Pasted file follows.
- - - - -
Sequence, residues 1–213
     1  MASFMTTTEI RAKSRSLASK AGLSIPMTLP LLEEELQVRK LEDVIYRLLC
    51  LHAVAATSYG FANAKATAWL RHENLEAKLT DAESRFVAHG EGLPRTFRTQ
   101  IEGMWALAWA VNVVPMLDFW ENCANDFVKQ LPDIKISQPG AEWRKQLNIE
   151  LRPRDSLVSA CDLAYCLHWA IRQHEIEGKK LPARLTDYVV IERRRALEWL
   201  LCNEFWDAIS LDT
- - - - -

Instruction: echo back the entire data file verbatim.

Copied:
Sequence, residues 1–213
     1  MASFMTTTEI RAKSRSLASK AGLSIPMTLP LLEEELQVRK LEDVIYRLLC
    51  LHAVAATSYG FANAKATAWL RHENLEAKLT DAESRFVAHG EGLPRTFRTQ
   101  IEGMWALAWA VNVVPMLDFW ENCANDFVKQ LPDIKISQPG AEWRKQLNIE
   151  LRPRDSLVSA CDLAYCLHWA IRQHEIEGKK LPARLTDYVV IERRRALEWL
   201  LCNEFWDAIS LDT